The Willets Point Redevelopment Plan has been designed to include exciting retail and entertainment offerings, a hotel and convention center, thousands of mixed-income residential units and new public open spaces and other community amenities. The mixed-use program will create thousands of new permanent jobs and construction jobs, transforming Willets Point into a dynamic regional destination.
A World of Opportunity: Understanding & Tapping the Economic Potential of Immigrant Entrepreneurs,
This new report by the Center documents that immigrant entrepreneurs have emerged as a key engine of economic growth for cities from New York to Los Angeles--and, with the right support, could provide an even bigger boost to these cities in the years ahead
Immigrant Entrepreneurs Shape a New Economy
By NINA BERNSTEIN
Manuel A. Miranda was 8 when his family immigrated to New York from Bogotá. His parents, who had been
lawyers, turned to selling home-cooked food from the trunk of their car. Manuel pitched in after school, grinding
corn by hand for traditional Colombian flatbreads called arepas.
Today Mr. Miranda, 32, runs a family business with 16 employees, producing 10 million arepas a year in the
Maspeth section of Queens. But the burst of Colombian immigration to the city has slowed; arepas customers are
spreading through the suburbs, and competition for them is fierce. Now, he says, his eye is on a vast, untapped
market: the rest of the country.
In the long run, like bagels, "you're going to have arepas in every store," predicted Mr. Miranda, whose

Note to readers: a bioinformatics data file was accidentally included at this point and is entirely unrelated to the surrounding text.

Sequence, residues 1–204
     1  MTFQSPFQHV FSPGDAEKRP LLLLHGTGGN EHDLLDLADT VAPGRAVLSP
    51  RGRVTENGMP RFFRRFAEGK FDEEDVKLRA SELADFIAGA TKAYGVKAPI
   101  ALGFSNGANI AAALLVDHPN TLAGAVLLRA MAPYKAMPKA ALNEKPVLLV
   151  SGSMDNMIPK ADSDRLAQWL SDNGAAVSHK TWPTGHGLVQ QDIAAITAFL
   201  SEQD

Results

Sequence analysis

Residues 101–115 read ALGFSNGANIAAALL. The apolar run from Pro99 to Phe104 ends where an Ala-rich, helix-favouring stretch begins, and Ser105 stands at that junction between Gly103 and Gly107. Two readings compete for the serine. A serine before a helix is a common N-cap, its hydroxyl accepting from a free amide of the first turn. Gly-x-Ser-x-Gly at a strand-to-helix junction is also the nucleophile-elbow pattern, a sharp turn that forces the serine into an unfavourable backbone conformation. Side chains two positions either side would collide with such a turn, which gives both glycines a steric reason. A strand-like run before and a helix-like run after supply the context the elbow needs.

innovations include a "toaster-friendly" version (square instead of round), and an experimental Web site that
offers online sales nationwide. "But I don't have the connections. I don't know the people who can advise how to
take us to the next level."
By Noah Shachtman EmailJanuary 24, 2008 | 8:59:00 AM
New York City's plan to secure its subways with a next-generation surveillance network is getting more expensive by the second, and slipping further and further behind schedule.
A new report by the New York State Comptroller's office reveals that "the cost of the electronic security program has grown from $265 million to $450 million, an increase of $185 million or 70 percent." An August 2008 deadline has been pushed back to December 2009, and further delays may be just ahead.
Shortly after a series of bombings in the London Tube, The Metropolitan Transit Authority, which oversees New York's mass transit systems, signed a contract in 2005 with defense contractor Lockheed Martin to put in thousands of security cameras, electronic tripwires, and digitally-controlled gates into New York's sprawling network of subways. The deal was inked just a few months after MTA chairman Peter Kalikow argued against "wasting money on unproven technology."
At the heart of the program was a network of surveillance cameras, passing what they saw through a set of intelligent video algorithms, designed to spot suspicious behavior: a bag left on the subway platform, a person jumping down to the tracks, a mob running up a down escalator.
U.S. Approves $1.3 Billion for 2nd Avenue Subway
By WILLIAM NEUMAN
The long-dreamed-of Second Avenue subway will take another important step toward becoming a real thing of concrete and steel today, as the federal government plans to announce that it has formally approved $1.3 billion in financing for the project's first phase.
Transportation Secretary Mary E. Peters said in an interview that the money would be paid out over the next seven years as construction progresses on the subway's first leg, which will have stops on Second Avenue at 92nd, 86th and 72nd Streets and at 63rd Street and Lexington Avenue.